Although, as a general matter, the judgment lien statutes are intended to protect the interests of a judgment creditor, the inclusion of a time limitation for filing a judgment lien, such as the four month period specified by §§ 52-328 (b) and 52-380a (b), is intended to protect the interests of the judgment debtor. See Hayes v. Weisman, 97 Conn. 387, 391, 116 A. 878 (1922) (construing sixty day time limit for making demand on garnishee in precursor to § 52-328). "To make an attachment of property effectual to accomplish its object it is often necessary that the property should remain in the custody of the law for a limited period after final judgment; hence our statutes provide for a continuance of an attachment lien for four months after final judgment." Beardsley v. Beecher, supra, 47 Conn. 414. Upon the expiration of this four month period without a proper filing, however, the prejudgment attachment is extinguished. General Statutes § 52-380c; see Bradbury v. Wodjenski, 159 Conn. 366, 370, 269 A.2d 271 (1970); Quinlan v. City National Bank, 105 Conn. 424, 427, 135 A. 435 (1926).
Strict construction of the four month filing period for a judgment lien to enforce a prejudgment attachment, is, therefore, appropriate because these statutes provide a creditor with a powerful collection tool. An attachment enables a creditor to gain priority over any subsequent claim to the attached property. See Union Trust Co. v. Heggelund, 219 Conn. 620, 625, 594 A.2d 464 (1991); Mathews v. Converse, 83 Conn. 511, 514-15, 77 A. 961 (1910). As a prior lien, the attachment burdens the
We conclude, therefore, that, in order to effectuate the legislature's intent of "fix[ing] a reasonable limit upon the duration of attachments"; Hayes v. Weisman, supra, 97 Conn. 391; a judgment lien will relate back to a prejudgment attachment only if the judgment lien is filed within four months of the judgment of the trial court, regardless of the possible pendency of an appeal.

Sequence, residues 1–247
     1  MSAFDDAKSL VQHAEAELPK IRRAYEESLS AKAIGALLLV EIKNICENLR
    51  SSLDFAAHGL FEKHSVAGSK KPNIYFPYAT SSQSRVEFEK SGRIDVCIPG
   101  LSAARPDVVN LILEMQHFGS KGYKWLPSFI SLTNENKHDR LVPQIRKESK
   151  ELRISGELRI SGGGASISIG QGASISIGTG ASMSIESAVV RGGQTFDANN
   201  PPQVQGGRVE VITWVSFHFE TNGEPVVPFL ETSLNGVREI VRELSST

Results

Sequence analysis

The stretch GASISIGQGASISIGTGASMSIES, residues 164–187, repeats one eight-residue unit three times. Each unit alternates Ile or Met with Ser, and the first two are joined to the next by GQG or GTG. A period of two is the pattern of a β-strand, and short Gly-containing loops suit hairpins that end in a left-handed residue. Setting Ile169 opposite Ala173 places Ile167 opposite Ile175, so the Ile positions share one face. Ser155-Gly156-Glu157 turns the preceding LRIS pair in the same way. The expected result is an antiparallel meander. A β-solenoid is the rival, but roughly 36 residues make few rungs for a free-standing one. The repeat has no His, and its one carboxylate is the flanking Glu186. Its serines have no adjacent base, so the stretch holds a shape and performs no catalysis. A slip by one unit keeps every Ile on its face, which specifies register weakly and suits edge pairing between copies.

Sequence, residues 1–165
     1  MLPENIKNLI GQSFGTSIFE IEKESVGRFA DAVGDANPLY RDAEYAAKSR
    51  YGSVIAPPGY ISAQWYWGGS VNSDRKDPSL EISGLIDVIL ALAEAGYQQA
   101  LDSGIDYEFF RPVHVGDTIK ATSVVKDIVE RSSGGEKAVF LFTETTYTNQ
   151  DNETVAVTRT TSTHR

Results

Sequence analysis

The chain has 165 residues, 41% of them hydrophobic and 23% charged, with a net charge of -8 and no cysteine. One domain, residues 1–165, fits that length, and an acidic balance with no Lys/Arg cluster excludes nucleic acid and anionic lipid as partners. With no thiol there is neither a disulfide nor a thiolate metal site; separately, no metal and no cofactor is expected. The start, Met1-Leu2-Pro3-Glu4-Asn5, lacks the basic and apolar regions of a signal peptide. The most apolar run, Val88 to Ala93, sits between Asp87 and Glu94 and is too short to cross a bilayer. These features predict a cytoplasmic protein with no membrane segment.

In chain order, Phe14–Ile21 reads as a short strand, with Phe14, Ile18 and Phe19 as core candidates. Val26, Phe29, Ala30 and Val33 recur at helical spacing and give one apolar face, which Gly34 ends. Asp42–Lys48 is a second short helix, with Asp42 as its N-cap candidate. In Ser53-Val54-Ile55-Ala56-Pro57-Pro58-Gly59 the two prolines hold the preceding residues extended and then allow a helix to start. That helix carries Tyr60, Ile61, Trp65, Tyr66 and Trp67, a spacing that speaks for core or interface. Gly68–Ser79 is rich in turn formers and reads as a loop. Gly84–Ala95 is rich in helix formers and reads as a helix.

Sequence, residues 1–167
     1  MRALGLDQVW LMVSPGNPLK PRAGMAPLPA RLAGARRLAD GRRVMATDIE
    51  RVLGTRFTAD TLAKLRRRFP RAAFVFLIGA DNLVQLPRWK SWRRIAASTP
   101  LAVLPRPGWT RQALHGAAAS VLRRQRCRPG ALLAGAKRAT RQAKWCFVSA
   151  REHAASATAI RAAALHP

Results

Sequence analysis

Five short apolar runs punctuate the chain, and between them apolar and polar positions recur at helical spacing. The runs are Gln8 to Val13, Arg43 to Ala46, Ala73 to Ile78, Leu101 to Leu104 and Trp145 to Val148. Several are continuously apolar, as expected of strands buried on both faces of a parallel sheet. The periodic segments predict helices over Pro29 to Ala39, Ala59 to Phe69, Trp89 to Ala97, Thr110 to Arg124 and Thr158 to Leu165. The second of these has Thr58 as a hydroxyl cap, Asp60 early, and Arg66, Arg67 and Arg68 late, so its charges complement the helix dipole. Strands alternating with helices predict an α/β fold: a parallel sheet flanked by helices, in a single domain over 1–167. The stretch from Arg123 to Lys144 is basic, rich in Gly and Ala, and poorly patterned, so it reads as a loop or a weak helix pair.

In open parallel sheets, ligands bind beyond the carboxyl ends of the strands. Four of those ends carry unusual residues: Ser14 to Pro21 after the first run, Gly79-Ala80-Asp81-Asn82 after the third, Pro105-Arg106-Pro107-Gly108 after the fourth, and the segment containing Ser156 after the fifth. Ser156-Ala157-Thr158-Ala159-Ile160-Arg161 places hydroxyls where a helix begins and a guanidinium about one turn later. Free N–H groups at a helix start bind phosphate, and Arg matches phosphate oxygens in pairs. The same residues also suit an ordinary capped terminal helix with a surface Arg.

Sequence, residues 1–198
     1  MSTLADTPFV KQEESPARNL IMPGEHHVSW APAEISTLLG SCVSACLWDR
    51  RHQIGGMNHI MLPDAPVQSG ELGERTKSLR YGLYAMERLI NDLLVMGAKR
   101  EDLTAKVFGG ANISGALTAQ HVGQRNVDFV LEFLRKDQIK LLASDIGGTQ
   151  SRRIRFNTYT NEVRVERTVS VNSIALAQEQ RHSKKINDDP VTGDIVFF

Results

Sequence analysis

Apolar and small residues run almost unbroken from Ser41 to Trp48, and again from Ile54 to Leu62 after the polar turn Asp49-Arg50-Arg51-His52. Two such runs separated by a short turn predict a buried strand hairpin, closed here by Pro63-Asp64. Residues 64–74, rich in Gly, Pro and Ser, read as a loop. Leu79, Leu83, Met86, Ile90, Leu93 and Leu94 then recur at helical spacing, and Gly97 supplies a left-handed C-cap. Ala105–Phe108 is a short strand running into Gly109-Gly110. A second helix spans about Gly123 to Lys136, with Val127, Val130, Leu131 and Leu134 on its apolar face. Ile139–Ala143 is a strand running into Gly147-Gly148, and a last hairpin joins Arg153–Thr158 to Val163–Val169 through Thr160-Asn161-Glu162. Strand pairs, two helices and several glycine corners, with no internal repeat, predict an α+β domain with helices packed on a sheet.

A rule relating the timeliness of the filing of the judgment lien to the rendering of a judgment at trial does not impair the appellate process. Appellate review can go forward regardless of when the lien is filed. If the debtor pursues an appeal, execution of the judgment lien would presumably be stayed, unless the stay were
Our conclusion in this case is consistent with the holding of City National Bank v. Stoeckel, supra, 103 Conn. 732, in which we construed a statutory precursor to § 52-380a (b)
The rule we announce today is simple and straightforward. A creditor seeking to assert priority rights pursuant to §§ 52-328 (b) and 52-380a (b) must file a judgment lien within four months of a trial court's final judgment in the creditor's favor. Because the plaintiff in this case failed to file its lien within this time period, the Appellate Court properly reversed the trial court's judgment in its behalf.
The judgment of the Appellate Court is affirmed.
In this opinion the other justices concurred.
General Statutes § 52-328 provides in relevant part: "Duration of attachment liens after judgment....
"(b) No real estate that has been attached may be held subject to the attachment to respond to the judgment obtained in the suit, either against the debtor or any other creditor, unless the judgment creditor places a judgment lien on the real estate within four months after a final judgment."
General Statutes § 52-380a provides in relevant part: "Judgment lien on real property....